Comcast Has Combined Its Linear and Digital Olympic Feeds to Make Watching the Games Easier

New technology could help monetize big TV events

As the Olympics unfold, NBCUniversal is offering so much linear and digital Rio Olympic programming—6,755 hours overall—that not even the people behind it are quite sure how viewers should try to consume it all. "I have no idea. Good luck!" NBC Olympics executive producer Jim Bell joked to reporters last week.

But the task of sorting through all that programming and livestreams is less daunting for subscribers of Comcast's Xfinity cable service (from NBCUniversal's parent company) who have upgraded to X1 cable boxes. During this Summer Olympics, those customers have access to all of NBC Olympics' linear and digital feeds, which have been combined together in a special Rio Olympics hub via the X1 cable box.

"We've never had livestreaming integrated from the internet with live television in one seamless way," Brian Roberts, Comcast CEO and chairman, explained to reporters last month. He said that the X1 Rio experience represents his entire company "coming together."

And as X1 customers are accessing the Rio Olympics content, Comcast will be determining how to expand—and monetize—the new technology's capabilities.

"Everything we've done is really with an eye, how can we extend this to other parts of the programming landscape," said Matt Strauss, Comcast cable's evp and gm of video services, who has been working with NBC on their Olympics strategy since shortly after the Sochi Winter Olympics ended in 2014. "It's very rare to have an event which captures so much attention of the country over such a long period of time—17 days—that it really becomes an incubator for us to test different features and to almost use the Olympics as a sandbox."

During the 2012 Summer Games, the Comcast team focused on giving its subscribers "essentially unfettered access to all of this content, with an eye towards mobile and web, and giving viewers the ability to take their content with them on the go," said Strauss. "That was a very controversial decision. We spend a lot of time debating, if we do this, are we going to cannibalize ratings? What we found with London was the opposite: in Comcast households, we saw an average of a 5 percent lift in prime-time ratings. People who were consuming content on all these different platforms actually wanted to tune-in to the prime-time show."

The challenge was quite different for Comcast in 2016, as viewing habits have evolved and audiences are now "stitching together" content from various platforms and outlets, said Strauss. "For Rio, we wanted to break those barriers down. Our principle was how do we deliver every stream, every event, across all platforms, but also present it in a way that's easily accessible on the television."

Their solution was X1's "Front Row to Rio," which allows users to browse Olympic content by all 34 sports, individual athlete or nation. It also allows for even deeper dives, like the ability to sort gymnastics coverage by individual apparatus. Editors are also curating daily highlights, which will give subscribers shortcuts to the most popular and interesting events of each day.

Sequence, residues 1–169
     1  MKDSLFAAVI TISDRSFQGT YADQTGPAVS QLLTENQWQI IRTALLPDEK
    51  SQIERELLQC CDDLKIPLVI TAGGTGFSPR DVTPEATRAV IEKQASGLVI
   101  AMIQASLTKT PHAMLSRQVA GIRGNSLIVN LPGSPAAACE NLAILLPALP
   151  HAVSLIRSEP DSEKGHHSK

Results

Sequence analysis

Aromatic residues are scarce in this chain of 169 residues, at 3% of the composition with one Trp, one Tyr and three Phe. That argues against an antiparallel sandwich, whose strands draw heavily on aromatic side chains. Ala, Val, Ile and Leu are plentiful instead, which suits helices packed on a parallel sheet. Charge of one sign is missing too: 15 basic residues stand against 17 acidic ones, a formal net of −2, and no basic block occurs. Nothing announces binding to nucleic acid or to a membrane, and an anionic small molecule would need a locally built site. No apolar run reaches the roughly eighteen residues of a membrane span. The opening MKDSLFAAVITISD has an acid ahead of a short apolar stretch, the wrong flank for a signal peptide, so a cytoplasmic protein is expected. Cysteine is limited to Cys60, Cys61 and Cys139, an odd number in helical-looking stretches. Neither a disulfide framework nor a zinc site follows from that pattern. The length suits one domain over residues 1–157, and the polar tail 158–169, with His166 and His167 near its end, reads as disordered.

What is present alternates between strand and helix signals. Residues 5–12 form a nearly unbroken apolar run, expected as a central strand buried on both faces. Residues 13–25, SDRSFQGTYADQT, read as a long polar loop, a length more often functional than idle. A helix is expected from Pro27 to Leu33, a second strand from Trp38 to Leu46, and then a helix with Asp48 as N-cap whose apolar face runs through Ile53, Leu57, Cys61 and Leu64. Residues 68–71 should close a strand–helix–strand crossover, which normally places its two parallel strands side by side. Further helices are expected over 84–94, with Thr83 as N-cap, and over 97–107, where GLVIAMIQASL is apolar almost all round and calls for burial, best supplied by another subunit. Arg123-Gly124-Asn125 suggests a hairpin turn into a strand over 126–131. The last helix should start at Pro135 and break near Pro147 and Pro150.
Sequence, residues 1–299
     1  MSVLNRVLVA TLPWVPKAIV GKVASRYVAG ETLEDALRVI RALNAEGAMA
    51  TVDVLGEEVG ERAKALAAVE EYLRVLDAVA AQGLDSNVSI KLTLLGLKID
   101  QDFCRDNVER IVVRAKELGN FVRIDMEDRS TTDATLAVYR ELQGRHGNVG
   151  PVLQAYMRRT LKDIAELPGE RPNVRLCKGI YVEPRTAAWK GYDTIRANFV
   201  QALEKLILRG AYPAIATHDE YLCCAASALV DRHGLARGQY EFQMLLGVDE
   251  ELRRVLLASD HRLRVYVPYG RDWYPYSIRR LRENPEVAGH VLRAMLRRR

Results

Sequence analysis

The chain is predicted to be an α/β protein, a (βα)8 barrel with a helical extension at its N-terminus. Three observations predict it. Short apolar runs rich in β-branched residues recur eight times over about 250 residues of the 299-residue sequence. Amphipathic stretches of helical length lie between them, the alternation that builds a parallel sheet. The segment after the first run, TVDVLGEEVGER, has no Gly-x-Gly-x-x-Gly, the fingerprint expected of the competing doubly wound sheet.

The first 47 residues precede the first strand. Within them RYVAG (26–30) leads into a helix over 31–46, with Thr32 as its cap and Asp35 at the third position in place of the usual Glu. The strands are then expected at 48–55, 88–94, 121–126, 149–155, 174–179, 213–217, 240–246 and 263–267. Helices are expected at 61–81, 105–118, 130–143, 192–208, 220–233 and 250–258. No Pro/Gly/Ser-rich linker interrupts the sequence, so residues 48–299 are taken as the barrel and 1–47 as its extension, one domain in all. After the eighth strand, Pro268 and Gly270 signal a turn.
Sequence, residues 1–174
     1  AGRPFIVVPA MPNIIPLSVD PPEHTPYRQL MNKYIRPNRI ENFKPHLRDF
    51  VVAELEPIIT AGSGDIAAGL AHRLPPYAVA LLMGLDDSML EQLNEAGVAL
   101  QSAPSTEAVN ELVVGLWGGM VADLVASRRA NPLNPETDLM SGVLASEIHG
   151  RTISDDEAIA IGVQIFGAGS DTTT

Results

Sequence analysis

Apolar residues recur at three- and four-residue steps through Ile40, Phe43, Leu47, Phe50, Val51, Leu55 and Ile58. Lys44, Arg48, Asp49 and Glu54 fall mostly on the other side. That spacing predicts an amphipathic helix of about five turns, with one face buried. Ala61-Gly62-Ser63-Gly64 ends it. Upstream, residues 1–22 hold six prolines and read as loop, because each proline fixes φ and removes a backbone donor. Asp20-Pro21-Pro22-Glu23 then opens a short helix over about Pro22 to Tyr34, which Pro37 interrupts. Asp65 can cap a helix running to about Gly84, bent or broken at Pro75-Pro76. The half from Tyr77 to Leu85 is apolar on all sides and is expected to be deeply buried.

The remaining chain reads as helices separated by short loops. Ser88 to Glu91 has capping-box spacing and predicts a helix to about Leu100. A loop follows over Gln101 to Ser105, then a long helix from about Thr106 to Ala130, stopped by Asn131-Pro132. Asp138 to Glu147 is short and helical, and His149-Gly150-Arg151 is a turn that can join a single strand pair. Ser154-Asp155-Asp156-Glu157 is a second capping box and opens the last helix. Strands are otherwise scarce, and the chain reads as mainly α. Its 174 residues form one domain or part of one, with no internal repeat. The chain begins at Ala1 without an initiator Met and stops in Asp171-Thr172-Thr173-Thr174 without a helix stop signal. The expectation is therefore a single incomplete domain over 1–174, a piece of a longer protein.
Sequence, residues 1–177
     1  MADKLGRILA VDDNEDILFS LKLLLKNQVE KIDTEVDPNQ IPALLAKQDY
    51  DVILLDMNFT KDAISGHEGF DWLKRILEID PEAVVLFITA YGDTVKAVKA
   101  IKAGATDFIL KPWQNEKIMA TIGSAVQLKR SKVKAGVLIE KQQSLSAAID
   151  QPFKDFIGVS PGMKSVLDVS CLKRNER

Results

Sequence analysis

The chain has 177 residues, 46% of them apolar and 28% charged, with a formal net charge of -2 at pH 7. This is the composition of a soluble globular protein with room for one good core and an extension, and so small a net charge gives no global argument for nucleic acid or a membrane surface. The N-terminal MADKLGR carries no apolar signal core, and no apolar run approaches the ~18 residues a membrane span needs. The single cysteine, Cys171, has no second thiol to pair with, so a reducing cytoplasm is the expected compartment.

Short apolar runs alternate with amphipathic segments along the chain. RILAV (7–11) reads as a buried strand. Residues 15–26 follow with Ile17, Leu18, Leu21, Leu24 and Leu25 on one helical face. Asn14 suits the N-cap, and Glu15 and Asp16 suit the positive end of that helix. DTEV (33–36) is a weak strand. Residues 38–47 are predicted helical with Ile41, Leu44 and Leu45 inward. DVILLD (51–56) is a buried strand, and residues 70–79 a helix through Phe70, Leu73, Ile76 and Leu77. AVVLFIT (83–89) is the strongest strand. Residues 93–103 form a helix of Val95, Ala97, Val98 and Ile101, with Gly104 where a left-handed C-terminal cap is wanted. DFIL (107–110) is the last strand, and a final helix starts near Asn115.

In addition to pulling together NBCUniversal's linear coverage, X1 is incorporating the NBC Sports app, which offers access to as many as 40 different video feeds, as well as full-event replays and highlights. "We're trying to blur those lines as much as possible between content that is fed to X1 over the internet and is fed to X1 from traditional broadcast and cable," said Vito Forlenza, Comcast Cable's senior director for TV Everywhere content and product strategy.

Customers can "favorite" athletes, which "acts as a shortcut to the content you want to get to," said Forlenza. X1 offers access to the Gold Zone (from the NBC Sports app), which works like the NFL Red Zone to highlight "the most interesting events" going on at any moment," said Forlenza.

"We want to collapse windows and make content available almost instantly on demand," said Strauss, who notes that any on-demand footage of same day full events will count towards the live-plus same-day rating, as the feed will be replicated from the local linear feed, and fast-forwarding is disabled.

Currently, 40 percent of Xfinity's 22 million customers have X1, with 40,000 new boxes being installed each day. The company is targeting 50 percent penetration by year's end.

This new approach should unlock new monetization opportunities as well, especially through dynamic ad insertion, though for Rio, Xfinity was focused solely on showcasing the X1's capabilities. "There is also an opportunity as we continue to provide more choices, that it provides NBC the ability to monetize those choices as well," said Strauss, who said the technology could enhance live events like the Oscars, or popular shows like The Voice.

"We do think that there's an opportunity to take the frameworks that we've created for the Olympics and offer that to other networks, which could include additional opportunities to monetize outside of traditional video," Strauss said.